By Tim Terry
Over the years, we have chatted in this space about many topics. Those include scratching the surface of many technical items of the various stock car racing divisions within the Atlantic Provinces. Among those subjects we have devoted space to in these pages in the past are tires, which is what this issue is rolling on – no pun intended!
As the old saying goes, “the more things change, the more things stay the same.” There have not been a ton of change to tires in the region, some divisions have seen slight changes on what rims can be run, but since the last time we tackled the subject a few years ago, tires haven’t seen a ton of change.
To refresh, tires and rims are two of the most pivotal things about a racecar, or a car in general as a matter of fact. The four black patches of rubber are the contact of the car to the road, or in our case, the track. When the car heads down a straightaway and falls into a banked left turn, while the suspension is doing a ton of work flexing and traveling as the car sinks into the bank, it is still the tire that has that connection to the surface. While you need to have the full setup package from bumper to bumper and a driver to get up on the steering wheel to ultimately land a team a trip to victory lane, the car rolls on tires to get it to that celebration when the checkered flag falls.
Most divisions in this region are on a spec tire. In short, those classes have a certain type of tire they must run. Some have tread depth rules and the rules on tire softener vary from sanction to sanction, but the tire itself comes from the same manufacturer. The Pro Stock/Pro Late Model division runs a Hoosier 1070 slick tire, while the Late Model Sportsman and Street Stock run a Hoosier 890 grooved tire. The Legend division runs on a Federal tire supplied by US Legend Cars International (USLCI) and their Bandolero counterparts run a tire also supplied by the USLCI shop in Harrisburg, North Carolina. The Passione Flooring & Interiors East Coast Mini Stock Tour and the Scotia Speedworld Thunder cars run on a used Legend car Federal tire, which is based off a street tire and can be bought with the same general specs from the manufacturer as a DOT tire. The Atlantic Modified Tour also runs with a used tire rule, utilizing used Hoosier slick tires that run on the Pro All Stars Series.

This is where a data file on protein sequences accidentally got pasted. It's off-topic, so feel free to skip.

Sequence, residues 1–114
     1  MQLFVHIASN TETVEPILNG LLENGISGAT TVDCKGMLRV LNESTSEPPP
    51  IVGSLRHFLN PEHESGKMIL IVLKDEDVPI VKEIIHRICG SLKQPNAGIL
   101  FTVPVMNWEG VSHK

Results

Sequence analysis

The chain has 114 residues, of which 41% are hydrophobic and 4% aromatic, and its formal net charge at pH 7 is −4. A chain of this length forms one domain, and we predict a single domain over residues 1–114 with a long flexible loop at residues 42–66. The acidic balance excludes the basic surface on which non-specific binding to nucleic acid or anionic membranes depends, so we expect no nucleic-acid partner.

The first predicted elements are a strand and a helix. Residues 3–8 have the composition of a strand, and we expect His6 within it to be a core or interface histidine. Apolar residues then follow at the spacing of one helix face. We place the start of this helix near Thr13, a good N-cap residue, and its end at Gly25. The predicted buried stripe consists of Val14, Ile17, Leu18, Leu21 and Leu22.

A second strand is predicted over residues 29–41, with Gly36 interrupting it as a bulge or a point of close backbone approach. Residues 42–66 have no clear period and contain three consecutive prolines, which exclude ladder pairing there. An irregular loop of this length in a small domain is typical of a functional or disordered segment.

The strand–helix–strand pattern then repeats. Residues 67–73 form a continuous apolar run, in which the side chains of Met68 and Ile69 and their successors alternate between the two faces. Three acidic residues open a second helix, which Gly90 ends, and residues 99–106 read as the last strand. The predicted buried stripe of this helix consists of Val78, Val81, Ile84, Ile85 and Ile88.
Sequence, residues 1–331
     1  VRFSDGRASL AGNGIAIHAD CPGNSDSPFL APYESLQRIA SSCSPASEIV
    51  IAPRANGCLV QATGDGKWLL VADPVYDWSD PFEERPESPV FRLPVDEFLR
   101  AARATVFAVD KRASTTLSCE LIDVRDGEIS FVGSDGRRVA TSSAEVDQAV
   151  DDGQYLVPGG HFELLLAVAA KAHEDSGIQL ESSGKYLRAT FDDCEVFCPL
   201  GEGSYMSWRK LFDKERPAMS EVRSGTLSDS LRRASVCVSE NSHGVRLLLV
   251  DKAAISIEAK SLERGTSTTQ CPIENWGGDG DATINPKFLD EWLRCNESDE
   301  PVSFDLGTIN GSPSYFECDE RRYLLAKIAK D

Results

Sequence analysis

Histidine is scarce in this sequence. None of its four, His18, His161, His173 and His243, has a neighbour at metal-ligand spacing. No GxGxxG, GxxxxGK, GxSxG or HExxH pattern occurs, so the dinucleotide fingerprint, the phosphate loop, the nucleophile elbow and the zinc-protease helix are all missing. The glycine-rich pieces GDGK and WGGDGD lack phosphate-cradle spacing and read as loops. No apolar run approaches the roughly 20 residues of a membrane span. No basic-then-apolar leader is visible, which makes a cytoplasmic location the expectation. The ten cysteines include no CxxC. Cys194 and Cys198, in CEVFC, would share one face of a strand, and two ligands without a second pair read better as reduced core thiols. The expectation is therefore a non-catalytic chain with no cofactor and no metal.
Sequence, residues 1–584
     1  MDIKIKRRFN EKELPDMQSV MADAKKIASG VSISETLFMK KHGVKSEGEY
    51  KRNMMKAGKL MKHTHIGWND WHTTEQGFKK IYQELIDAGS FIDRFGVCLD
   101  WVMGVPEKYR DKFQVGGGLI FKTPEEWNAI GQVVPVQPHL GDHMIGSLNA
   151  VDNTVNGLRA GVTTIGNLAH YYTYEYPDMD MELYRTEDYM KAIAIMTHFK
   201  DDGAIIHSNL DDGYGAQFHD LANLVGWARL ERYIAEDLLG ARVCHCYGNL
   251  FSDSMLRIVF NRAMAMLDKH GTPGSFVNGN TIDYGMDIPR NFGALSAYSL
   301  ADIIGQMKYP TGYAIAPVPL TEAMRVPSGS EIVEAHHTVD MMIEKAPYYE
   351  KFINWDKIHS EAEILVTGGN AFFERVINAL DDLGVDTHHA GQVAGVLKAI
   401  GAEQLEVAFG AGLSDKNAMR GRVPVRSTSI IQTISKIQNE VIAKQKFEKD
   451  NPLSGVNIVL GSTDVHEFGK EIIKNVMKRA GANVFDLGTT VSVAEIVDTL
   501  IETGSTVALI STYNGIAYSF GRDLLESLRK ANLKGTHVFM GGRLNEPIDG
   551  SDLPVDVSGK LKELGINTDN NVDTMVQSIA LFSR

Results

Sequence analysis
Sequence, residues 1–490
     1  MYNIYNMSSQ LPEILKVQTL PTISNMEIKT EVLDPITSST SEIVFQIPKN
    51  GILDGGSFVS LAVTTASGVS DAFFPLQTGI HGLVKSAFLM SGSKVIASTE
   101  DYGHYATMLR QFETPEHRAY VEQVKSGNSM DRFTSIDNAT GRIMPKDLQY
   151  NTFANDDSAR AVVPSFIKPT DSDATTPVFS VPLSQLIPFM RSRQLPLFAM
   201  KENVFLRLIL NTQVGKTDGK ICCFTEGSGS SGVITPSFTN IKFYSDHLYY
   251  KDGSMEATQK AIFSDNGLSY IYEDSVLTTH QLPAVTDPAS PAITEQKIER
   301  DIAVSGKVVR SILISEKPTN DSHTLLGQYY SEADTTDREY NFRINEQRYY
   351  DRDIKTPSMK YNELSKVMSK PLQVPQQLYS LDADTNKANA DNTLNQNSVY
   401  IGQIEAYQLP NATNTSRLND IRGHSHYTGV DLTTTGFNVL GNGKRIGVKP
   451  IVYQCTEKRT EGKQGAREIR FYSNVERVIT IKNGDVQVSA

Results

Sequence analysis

Tires can also be one of the biggest numbers when it comes to a racing budget throughout the year. Sure, a used tire is going to cost you less than a new tire and some teams can get away with running used tires over new tires. The Four Cylinder and Mini Stock teams that run on street tires have a floating budget. Several teams use tires from junk piles while others will buy brand new, top of the line tires that fit the rules for their respective track and get them cut, buffed or shaved to maximize their patch of rubber hitting the track when the green flies.
A number of tracks and series that run Street Stock, Sportsman and Pro Stock divisions have tire rules, where a team is only permitted to buy a certain amount of new tires per season or per the amount of races they have competed in. Even with those rules, the tires in those divisions cost in the ball park of $200 per tire, give or take a $20 bill or two in the balance. Top running full-time teams on the Parts for Trucks Tour have tire budgets of five figures in order to compete for the championship over their 12 race schedule. At the end of the day, it is a necessary evil and a tough balance to make in a budget. If you go without new tires when you are allowed to run them, you are, in essence, behind even before the green flies. Teams need to have an allowance of new tires at some point to prevent wearing the tire past the point of giving up. It is also car racing and you cannot race without tires on the car. It is an important balance to figure out for any short track team budgeting for a racing season.
Chemically altering the tire compound, or using “tire softener” as mentioned above, is still a hot button topic through racing circles. Some race tracks in the region allow their Sportsman and Street Stock teams to soak their tires, creating what some call within the region a chemical warfare. Other tracks have a number for a durometer (measuring the hardness of a tire) reading in their rulebook, which disqualifies a team if their tires are softer than that set number.